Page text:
While it is unclear if the bills will reach the opposite chambers for a vote, lawmakers could make a decision about the legislation before April 14, the last day of the 40-day session.
D.A. King, president of the Dustin Inman Society, which opposes illegal immigration, said the bill will open up jobs for unemployed Georgians, while critics of the bills told GlobalAtlanta the legislation could send a message that international investment is not welcome in Georgia.
“If Atlanta and Georgia are looking to attract international business – and we certainly have done a good job of that – you want to make sure that the message is that we welcome that investment and we welcome that employment,” said John Krueger, senior vice president of public policy at the Georgia Chamber of Commerce.
He added that until the bills are finalized, the chamber has not formally opposed or supported the bills. “We want to make sure that we can be at the table making changes to the bill. It’s a little premature to be formally opposed,” said Mr. Krueger.
The House Judiciary Non-Civil Committee made significant changes to SB 40, essentially gutting it to insert language from its own bill.
HB 87 would require all private companies with more than five employees to use a federal E-Verify system to ensure the legality of all new hires and creates the offense of “aggravated identity theft” for the use of false information.
It also authorizes law enforcement officers to check the legal status of suspected criminals if they are unable to provide identification and makes harboring an illegal immigrant an offense.
With these types of controversial provisions, Jerry Gonzalez, the executive director of Georgia Association of Latino Elected Officials, said businesses and conventions could boycott Georgia, as they did in Arizona.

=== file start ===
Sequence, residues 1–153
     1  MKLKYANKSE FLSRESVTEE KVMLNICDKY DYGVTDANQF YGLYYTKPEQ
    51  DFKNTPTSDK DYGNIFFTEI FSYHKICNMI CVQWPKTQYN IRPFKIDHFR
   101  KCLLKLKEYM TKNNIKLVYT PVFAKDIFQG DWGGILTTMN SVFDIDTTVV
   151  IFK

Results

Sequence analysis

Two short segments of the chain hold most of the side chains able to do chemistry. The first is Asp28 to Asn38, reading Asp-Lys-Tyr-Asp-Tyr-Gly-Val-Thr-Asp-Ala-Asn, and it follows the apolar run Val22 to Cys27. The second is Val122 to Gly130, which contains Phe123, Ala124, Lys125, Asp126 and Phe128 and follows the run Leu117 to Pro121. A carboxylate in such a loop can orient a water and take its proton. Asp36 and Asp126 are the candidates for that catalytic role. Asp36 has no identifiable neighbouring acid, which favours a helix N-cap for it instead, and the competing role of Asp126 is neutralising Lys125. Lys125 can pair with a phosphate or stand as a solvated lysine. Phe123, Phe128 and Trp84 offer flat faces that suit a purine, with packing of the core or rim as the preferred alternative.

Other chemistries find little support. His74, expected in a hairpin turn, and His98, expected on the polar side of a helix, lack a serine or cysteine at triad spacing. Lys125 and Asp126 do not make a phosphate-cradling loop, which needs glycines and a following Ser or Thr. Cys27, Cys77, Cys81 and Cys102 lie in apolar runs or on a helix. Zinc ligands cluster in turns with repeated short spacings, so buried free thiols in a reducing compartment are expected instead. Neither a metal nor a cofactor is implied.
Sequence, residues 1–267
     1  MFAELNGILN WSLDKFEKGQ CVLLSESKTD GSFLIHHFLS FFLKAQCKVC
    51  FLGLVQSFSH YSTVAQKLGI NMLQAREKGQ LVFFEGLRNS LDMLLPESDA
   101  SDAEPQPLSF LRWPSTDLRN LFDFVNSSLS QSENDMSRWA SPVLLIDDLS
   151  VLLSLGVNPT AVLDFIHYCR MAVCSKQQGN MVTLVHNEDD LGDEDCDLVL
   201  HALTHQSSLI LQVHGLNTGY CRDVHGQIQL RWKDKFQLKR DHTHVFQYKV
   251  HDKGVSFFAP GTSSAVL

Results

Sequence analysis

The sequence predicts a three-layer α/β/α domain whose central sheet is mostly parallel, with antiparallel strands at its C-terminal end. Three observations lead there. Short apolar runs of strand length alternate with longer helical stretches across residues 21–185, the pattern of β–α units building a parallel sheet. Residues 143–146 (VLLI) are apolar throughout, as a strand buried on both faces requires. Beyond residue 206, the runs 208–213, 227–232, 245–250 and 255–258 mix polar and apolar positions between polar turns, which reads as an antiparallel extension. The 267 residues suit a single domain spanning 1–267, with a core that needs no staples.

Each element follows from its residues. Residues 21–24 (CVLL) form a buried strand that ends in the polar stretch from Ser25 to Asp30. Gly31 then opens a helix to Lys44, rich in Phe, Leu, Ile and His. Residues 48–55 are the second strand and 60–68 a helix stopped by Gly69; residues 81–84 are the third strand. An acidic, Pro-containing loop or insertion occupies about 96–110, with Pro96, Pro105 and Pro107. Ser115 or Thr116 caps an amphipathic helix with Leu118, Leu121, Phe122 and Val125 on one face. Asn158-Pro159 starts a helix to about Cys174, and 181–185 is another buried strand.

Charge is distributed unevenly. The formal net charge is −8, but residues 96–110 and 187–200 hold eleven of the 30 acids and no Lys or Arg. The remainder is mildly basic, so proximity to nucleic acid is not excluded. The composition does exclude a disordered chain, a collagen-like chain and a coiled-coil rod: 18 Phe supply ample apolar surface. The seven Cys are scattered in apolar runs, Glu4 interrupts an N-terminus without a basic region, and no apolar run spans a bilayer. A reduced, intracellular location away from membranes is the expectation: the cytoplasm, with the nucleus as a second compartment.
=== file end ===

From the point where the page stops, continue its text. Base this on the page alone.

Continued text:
After Arizona’s legislature passed Senate Bill 1070, which makes it a misdemeanor crime for an illegal immigrant to be caught without proper documentation, the state experienced boycotts from a number of organizations and cancellations on political- and business-related conventions.
According to data from the Georgia Department of Economic Development, the tourism industry employs 234,100 people in Georgia and is the second largest sector in the state.
With Georgia’s large tourism sector, this type of boycott would have a much greater economic impact on Georgia than Arizona, said Mr. Gonzalez.
Karen Bremer, executive director of the Georgia Restaurant Association, told GlobalAtlanta she is concerned that provisions in the bills promote racial profiling and damage Atlanta’s image as international city.
“Atlanta and the state of Georgia have worked very hard to create an international community, and there is deep concern about how this will affect us at a national and international level,” said Ms. Bremer.
These bills would not tarnish Georgia’s image because they protect legal immigration into the state, said Mr. King.
“Most reasonable people understand that nobody is going to think less of Georgia for protecting legal immigrants, the rich tradition of immigration and the rule of law in Georgia,” said Mr. King, adding that he did not foresee slowed investment to Georgia.
While Mr. Gonzalez and Ms. Bremer oppose this state sponsored legislation, they do support immigration reform on a federal level.
Charles Kuck, managing partner with Kuck Immigration Partners LLC, told GlobalAtlanta that effective federal legislation would include a more secure border, a path to permanent residency for illegal immigrants, more visa options for immigrants coming into the U.S., and a system that allows for temporary immigration when there is an economic need.
This reform would also require a system with a more effective employee verification program, said Mr. Kuck.
He said the E-Verify system is riddled with problems, including an inability to catch identity theft and that the bills only require that new employees’ backgrounds are checked, ignoring all undocumented people who are already employed.
Mr. King argued that E-Verify is the best employee verification system available, with a number of companies already using the system in Georgia.
“As of September there were 16,000 businesses, including thousands of agriculture-related employers, already using E-Verify voluntarily,” he said.
To view the latest versions of HB 87 and SB 40, visit www.legis.ga.gov.